Degree Date

12-2016

Document Type

Dissertation - Public Access

Degree Name

Ed.D. Doctor of Education

Academic Discipline

Educational Leadership

First Advisor

Norman Weston

Second Advisor

Jack Denny

Third Advisor

Harrington Gibson

Abstract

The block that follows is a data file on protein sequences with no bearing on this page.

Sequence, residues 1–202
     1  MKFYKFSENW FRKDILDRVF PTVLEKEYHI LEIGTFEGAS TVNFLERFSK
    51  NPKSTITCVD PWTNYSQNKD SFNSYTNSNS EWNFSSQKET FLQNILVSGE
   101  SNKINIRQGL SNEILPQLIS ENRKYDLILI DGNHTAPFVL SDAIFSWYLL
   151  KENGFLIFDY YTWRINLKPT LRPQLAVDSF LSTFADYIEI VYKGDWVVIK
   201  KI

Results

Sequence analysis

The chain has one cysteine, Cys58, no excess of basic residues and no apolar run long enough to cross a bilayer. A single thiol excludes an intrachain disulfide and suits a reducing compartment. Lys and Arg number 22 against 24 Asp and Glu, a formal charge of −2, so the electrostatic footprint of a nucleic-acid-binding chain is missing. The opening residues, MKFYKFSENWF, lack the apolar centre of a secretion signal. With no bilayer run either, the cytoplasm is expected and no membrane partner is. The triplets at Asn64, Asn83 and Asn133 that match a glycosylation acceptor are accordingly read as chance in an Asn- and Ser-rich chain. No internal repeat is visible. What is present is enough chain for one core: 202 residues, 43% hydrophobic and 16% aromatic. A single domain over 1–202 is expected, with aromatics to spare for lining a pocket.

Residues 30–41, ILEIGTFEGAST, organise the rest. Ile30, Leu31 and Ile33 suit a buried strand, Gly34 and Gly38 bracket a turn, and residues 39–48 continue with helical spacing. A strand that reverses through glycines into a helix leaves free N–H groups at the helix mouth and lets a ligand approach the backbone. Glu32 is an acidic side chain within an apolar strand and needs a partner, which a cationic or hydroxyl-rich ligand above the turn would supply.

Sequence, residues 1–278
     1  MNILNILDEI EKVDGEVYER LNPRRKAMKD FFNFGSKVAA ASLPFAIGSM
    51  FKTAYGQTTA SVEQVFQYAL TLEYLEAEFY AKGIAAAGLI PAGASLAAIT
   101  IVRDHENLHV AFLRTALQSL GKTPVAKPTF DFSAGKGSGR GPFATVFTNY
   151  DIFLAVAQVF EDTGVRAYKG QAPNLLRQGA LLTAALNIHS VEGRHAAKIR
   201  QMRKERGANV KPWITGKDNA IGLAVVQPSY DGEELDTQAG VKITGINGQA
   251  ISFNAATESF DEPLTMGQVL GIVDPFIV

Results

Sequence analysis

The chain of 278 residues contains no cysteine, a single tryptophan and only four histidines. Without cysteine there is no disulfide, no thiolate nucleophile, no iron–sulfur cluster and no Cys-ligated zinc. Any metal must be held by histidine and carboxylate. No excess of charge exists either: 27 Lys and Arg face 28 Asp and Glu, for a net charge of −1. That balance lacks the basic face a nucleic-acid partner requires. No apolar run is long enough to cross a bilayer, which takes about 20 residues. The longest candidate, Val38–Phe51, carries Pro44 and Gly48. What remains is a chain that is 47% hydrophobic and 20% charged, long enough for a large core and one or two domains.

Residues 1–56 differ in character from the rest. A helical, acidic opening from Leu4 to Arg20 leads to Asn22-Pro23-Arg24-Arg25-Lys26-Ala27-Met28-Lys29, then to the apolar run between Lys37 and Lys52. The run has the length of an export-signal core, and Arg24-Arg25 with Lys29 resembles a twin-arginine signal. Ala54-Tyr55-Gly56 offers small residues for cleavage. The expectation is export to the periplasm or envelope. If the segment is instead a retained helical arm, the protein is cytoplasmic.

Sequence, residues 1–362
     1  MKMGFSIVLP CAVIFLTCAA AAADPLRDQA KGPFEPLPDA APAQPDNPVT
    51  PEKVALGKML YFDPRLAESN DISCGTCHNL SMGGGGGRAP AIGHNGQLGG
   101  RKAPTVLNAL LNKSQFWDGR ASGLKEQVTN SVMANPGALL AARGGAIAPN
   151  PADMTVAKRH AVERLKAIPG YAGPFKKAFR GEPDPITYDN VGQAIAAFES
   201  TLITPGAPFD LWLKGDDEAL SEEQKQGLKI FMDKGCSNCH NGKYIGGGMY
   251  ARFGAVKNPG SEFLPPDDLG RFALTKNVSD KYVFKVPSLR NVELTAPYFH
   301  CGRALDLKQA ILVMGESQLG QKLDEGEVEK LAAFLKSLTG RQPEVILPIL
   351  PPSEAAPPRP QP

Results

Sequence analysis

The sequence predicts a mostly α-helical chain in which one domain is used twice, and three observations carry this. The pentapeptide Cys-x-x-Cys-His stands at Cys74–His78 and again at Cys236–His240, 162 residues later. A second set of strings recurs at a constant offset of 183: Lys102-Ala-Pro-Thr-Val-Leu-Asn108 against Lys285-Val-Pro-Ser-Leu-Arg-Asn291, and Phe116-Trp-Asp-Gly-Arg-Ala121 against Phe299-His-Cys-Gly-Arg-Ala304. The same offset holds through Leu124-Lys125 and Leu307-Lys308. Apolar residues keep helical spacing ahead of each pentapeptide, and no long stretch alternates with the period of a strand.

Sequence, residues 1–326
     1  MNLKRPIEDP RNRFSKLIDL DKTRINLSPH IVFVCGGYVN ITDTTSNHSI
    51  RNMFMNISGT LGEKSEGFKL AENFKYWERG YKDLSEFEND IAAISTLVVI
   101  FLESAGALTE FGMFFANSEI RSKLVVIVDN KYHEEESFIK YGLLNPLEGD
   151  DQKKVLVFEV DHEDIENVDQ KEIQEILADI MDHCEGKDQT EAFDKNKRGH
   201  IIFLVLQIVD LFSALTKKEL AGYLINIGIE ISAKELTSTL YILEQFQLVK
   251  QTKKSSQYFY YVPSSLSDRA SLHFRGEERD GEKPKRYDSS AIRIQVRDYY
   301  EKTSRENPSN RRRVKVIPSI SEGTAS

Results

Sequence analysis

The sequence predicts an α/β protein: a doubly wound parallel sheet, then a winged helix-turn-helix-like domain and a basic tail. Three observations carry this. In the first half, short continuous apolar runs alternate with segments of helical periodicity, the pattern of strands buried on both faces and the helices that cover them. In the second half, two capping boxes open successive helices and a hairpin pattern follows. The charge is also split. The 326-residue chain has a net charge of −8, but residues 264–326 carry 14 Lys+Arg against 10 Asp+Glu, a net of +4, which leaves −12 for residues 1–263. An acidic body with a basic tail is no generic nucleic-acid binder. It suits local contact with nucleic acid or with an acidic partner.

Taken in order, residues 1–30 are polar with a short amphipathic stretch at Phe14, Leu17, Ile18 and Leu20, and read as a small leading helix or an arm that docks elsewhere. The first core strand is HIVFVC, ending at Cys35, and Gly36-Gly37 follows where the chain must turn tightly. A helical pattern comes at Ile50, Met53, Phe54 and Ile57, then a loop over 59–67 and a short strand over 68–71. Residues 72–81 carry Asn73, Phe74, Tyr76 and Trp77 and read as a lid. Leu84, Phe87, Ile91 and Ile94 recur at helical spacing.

The purpose of this program evaluation was to gain a clear understanding of how homework supports or deters the achievement of students, specifically the overall grade a student attains. This document details how students and teachers at a suburban Middle School perceive homework and its effect on student learning. The findings were that many students received failing grades in classes, primarily due to missing homework. The program evaluation used mixed methodology. Using survey and focus group results in conjunction with current literature, the conclusion revealed a need for homework policies that would support student learning without punishing students’ grades. Students shared that they have busy lives and much of the homework is challenging for them to complete on their own. Teachers shared feelings of how subjective homework policies and grading can be, and they agreed that policies should be designed with this in mind. The recommendations made were for policies that are more consistent, and that grading policies do not put too much emphasis on homework as part of an overall grade.